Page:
The Portrait of a Lady By Henry James Chapters 24-25

While Isabel's host exerted himself to entertain her in this somewhat confidential fashion she looked occasionally at Madame Merle, who met her eyes with an inattentive smile in which, on this occasion, there was no infelicitous intimation that our heroine appeared to advantage. Madame Merle eventually proposed to the Countess Gemini that they should go into the garden, and the Countess, rising and shaking out her feathers, began to rustle toward the door. "Poor Miss Archer!" she exclaimed, surveying the other group with expressive compassion. "She has been brought quite into the family."

"Miss Archer can certainly have nothing but sympathy for a family to which you belong," Mr. Osmond answered, with a laugh which, though it had something of a mocking ring, had also a finer patience.

"I don't know what you mean by that! I'm sure she'll see no harm in me but what you tell her. I'm better than he says, Miss Archer," the Countess went on. "I'm only rather an idiot and a bore. Is that all he has said? Ah then, you keep him in good-humour. Has he opened on one of his favourite subjects? I give you notice that there are two or three that he treats a fond. In that case you had better take off your bonnet."

"I don't think I know what Mr. Osmond's favourite subjects are," said Isabel, who had risen to her feet.

The Countess assumed for an instant an attitude of intense meditation, pressing one of her hands, with the finger-tips gathered together, to her forehead. "I'll tell you in a moment. One's Machiavelli; the other's Vittoria Colonna; the next is Metastasio."

"Ah, with me," said Madame Merle, passing her arm into the Countess Gemini's as if to guide her course to the garden, "Mr. Osmond's never so historical."

"Oh you," the Countess answered as they moved away, "you yourself are Machiavelli — you yourself are Vittoria Colonna!"

"We shall hear next that poor Madame Merle is Metastasio!" Gilbert Osmond resignedly sighed.

Isabel had got up on the assumption that they too were to go into the garden; but her host stood there with no apparent inclination to leave the room, his hands in the pockets of his jacket and his daughter, who had now locked her arm into one of his own, clinging to him and looking up while her eyes moved from his own face to Isabel's. Isabel waited, with a certain unuttered contentedness, to have her movements directed; she liked Mr. Osmond's talk, his company: she had what always gave her a very private thrill, the consciousness of a new relation. Through the open doors of the great room she saw Madame Merle and the Countess stroll across the fine grass of the garden; then she turned, and her eyes wandered over the things scattered about her. The understanding had been that Mr. Osmond should show her his treasures; his pictures and cabinets all looked like treasures. Isabel after a moment went toward one of the pictures to see it better; but just as she had done so he said to her abruptly: "Miss Archer, what do you think of my sister?"

She faced him with some surprise. "Ah, don't ask me that — I've seen your sister too little."

"Yes, you've seen her very little; but you must have observed that there is not a great deal of her to see. What do you think of our family tone?" he went on with his cool smile. "I should like to know how it strikes a fresh, unprejudiced mind. I know what you're going to say — you've had almost no observation of it. Of course this is only a glimpse. But just take notice, in future, if you have a chance. I sometimes think we've got into a rather bad way, living off here among things and people not our own, without responsibilities or attachments, with nothing to hold us together or keep us up; marrying foreigners, forming artificial tastes, playing tricks with our natural mission. Let me add, though, that I say that much more for myself than for my sister. She's a very honest lady — more so than she seems. She's rather unhappy, and as she's not of a serious turn she doesn't tend to show it tragically: she shows it comically instead. She has got a horrid husband, though I'm not sure she makes the best of him. Of course, however, a horrid husband's an awkward thing. Madame Merle gives her excellent advice, but it's a good deal like giving a child a dictionary to learn a language with. He can look out the words, but he can't put them together. My sister needs a grammar, but unfortunately she's not grammatical. Pardon my troubling you with these details; my sister was very right in saying you've been taken into the family. Let me take down that picture; you want more light."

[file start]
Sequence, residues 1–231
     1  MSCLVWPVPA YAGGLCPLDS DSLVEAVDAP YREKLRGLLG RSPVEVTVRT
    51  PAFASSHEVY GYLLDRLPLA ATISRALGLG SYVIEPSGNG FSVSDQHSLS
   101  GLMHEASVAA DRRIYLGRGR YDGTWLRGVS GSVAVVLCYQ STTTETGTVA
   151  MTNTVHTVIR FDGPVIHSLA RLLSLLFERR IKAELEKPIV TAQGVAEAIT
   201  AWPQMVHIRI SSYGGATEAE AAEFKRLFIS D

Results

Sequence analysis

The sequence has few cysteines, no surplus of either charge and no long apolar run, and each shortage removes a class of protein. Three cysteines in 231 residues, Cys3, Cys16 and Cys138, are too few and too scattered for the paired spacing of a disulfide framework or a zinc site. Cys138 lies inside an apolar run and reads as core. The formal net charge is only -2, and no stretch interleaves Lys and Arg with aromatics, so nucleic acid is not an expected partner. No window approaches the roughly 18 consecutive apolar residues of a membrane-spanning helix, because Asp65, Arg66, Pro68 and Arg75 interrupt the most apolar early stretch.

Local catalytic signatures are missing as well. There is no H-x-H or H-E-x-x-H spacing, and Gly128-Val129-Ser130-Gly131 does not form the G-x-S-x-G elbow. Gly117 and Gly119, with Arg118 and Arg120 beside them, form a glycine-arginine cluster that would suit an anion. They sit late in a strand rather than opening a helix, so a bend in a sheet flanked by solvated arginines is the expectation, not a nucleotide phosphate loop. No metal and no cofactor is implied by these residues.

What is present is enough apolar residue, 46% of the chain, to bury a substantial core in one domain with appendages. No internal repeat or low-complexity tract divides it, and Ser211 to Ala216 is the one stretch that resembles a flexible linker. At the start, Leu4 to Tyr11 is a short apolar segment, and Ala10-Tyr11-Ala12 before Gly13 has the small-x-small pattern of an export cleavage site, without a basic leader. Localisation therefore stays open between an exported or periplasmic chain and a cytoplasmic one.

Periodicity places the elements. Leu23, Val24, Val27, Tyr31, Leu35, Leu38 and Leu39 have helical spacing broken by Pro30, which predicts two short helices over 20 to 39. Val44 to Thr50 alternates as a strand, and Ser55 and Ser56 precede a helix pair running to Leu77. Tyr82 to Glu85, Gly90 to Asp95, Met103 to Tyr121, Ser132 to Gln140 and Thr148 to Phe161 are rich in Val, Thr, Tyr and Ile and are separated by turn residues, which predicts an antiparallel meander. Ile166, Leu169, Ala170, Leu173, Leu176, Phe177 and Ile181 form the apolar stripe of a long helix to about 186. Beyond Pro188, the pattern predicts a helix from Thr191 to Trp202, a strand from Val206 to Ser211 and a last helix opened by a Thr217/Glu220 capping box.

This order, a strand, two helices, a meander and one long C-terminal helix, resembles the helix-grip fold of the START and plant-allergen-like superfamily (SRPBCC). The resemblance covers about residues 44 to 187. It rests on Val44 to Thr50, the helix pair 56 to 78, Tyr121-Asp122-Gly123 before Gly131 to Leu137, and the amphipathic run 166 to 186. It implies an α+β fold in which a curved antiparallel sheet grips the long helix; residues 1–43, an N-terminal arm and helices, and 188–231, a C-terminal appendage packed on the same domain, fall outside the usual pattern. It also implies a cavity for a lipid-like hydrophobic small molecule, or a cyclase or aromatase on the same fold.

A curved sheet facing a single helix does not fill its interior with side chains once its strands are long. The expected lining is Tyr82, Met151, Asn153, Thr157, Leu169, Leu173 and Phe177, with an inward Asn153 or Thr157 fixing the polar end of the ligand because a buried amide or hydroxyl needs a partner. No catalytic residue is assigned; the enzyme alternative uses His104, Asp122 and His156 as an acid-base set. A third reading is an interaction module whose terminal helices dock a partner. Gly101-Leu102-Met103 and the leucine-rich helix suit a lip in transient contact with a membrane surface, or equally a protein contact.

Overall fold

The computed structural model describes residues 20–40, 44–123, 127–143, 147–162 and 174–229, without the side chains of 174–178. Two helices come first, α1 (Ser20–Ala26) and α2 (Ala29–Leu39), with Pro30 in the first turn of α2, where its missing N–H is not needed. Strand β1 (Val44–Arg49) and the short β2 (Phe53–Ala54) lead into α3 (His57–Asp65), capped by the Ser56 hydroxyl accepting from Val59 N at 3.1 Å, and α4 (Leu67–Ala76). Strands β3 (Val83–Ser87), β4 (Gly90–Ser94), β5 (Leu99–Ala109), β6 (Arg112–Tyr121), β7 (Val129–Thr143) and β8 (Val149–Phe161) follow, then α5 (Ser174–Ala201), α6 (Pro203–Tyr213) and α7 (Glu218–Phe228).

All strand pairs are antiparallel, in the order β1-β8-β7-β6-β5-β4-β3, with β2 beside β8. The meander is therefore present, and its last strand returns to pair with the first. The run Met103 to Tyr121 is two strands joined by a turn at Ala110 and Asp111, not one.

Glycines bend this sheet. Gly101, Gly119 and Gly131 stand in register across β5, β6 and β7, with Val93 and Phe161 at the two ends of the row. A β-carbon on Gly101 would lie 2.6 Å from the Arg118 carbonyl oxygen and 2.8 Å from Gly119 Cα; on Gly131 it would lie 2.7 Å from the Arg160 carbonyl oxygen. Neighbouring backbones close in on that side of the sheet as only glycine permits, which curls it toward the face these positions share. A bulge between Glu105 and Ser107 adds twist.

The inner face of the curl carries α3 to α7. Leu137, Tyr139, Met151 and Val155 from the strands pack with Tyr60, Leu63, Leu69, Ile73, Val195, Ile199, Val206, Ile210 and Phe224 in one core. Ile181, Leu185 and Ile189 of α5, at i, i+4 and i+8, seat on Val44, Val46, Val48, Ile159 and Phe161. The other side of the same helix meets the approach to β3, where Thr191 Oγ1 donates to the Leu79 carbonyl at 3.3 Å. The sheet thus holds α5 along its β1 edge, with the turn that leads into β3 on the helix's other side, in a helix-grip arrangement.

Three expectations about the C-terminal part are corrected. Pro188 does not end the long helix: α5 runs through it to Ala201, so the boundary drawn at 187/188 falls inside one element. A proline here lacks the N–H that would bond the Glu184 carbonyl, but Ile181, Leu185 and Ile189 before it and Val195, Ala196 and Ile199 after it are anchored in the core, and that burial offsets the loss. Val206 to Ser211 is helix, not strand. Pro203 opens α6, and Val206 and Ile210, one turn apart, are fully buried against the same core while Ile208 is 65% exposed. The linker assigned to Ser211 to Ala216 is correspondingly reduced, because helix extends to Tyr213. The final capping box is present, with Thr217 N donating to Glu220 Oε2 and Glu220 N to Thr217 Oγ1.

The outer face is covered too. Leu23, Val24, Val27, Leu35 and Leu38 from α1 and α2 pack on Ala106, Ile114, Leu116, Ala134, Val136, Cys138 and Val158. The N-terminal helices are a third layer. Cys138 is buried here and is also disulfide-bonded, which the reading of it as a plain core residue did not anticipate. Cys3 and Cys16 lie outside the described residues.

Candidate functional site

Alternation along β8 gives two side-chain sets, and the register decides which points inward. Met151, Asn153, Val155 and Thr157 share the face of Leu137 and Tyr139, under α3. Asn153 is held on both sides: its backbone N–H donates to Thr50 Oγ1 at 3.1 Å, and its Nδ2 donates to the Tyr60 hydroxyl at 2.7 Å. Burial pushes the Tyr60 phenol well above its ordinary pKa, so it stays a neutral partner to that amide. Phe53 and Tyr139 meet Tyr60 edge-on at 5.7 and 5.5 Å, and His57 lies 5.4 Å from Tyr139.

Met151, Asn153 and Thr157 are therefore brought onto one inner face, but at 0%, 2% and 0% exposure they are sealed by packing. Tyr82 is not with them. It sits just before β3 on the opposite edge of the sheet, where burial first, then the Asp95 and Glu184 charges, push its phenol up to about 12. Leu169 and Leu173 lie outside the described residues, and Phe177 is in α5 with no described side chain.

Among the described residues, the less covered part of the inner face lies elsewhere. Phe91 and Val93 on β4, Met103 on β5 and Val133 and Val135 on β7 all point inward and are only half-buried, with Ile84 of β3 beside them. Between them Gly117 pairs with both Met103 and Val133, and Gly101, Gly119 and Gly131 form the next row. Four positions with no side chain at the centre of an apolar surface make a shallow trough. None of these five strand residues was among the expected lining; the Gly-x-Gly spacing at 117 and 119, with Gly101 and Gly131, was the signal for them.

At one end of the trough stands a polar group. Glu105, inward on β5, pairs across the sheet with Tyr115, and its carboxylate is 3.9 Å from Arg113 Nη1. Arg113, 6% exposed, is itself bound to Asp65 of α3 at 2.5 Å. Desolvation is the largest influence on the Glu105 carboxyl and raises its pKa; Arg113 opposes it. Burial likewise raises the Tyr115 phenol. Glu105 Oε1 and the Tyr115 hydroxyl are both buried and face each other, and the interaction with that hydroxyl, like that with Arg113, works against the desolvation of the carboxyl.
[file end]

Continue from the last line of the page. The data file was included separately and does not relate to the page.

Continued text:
He took down the picture, carried it toward the window, related some curious facts about it. She looked at the other works of art, and he gave her such further information as might appear most acceptable to a young lady making a call on a summer afternoon. His pictures, his medallions and tapestries were interesting; but after a while Isabel felt the owner much more so, and independently of them, thickly as they seemed to overhang him. He resembled no one she had ever seen; most of the people she knew might be divided into groups of half a dozen specimens. There were one or two exceptions to this; she could think for instance of no group that would contain her aunt Lydia. There were other people who were, relatively speaking, original — original, as one might say, by courtesy such as Mr. Goodwood, as her cousin Ralph, as Henrietta Stackpole, as Lord Warburton, as Madame Merle. But in essentials, when one came to look at them, these individuals belonged to types already present to her mind. Her mind contained no class offering a natural place to Mr. Osmond — he was a specimen apart. It was not that she recognised all these truths at the hour, but they were falling into order before her. For the moment she only said to herself that this "new relation" would perhaps prove her very most distinguished. Madame Merle had had that note of rarity, but what quite other power it immediately gained when sounded by a man! It was not so much what he said and did, but rather what he withheld, that marked him for her as by one of those signs of the highly curious that he was showing her on the underside of old plates and in the corner of sixteenth-century drawings: he indulged in no striking deflections from common usage, he was an original without being an eccentric. She had never met a person of so fine a grain. The peculiarity was physical, to begin with, and it extended to impalpabilities. His dense, delicate hair, his overdrawn, retouched features, his clear complexion, ripe without being coarse, the very evenness of the growth of his beard, and that light, smooth slenderness of structure which made the movement of a single one of his fingers produce the effect of an expressive gesture — these personal points struck our sensitive young woman as signs of quality, of intensity, somehow as promises of interest. He was certainly fastidious and critical; he was probably irritable. His sensibility had governed him — possibly governed him too much; it had made him impatient of vulgar troubles and had led him to live by himself, in a sorted, sifted, arranged world, thinking about art and beauty and history. He had consulted his taste in everything — his taste alone perhaps, as a sick man consciously incurable consults at last only his lawyer: that was what made him so different from every one else. Ralph had something of this same quality, this appearance of thinking that life was a matter of connoisseurship; but in Ralph it was an anomaly, a kind of humorous excrescence, whereas in Mr. Osmond it was the keynote, and everything was in harmony with it. She was certainly far from understanding him completely; his meaning was not at all times obvious. It was hard to see what he meant for instance by speaking of his provincial side — which was exactly the side she would have taken him most to lack. Was it a harmless paradox, intended to puzzle her? or was it the last refinement of high culture? She trusted she should learn in time; it would be very interesting to learn. If it was provincial to have that harmony, what then was the finish of the capital? And she could put this question in spite of so feeling her host a shy personage; since such shyness as his — the shyness of ticklish nerves and fine perceptions — was perfectly consistent with the best breeding. Indeed it was almost a proof of standards and touchstones other than the vulgar: he must be so sure the vulgar would be first on the ground. He wasn't a man of easy assurance, who chatted and gossiped with the fluency of a superficial nature; he was critical of himself as well as of others, and, exacting a good deal of others, to think them agreeable, probably took a rather ironical view of what he himself offered: a proof into the bargain that he was not grossly conceited. If he had not been shy he wouldn't have effected that gradual, subtle, successful conversion of it to which she owed both what pleased her in him and what mystified her. If he had suddenly asked her what she thought of the Countess Gemini, that was doubtless a proof that he was interested in her; it could scarcely be as a help to knowledge of his own sister. That he should be so interested showed an enquiring mind; but it was a little singular he should sacrifice his fraternal feeling to his curiosity. This was the most eccentric thing he had done.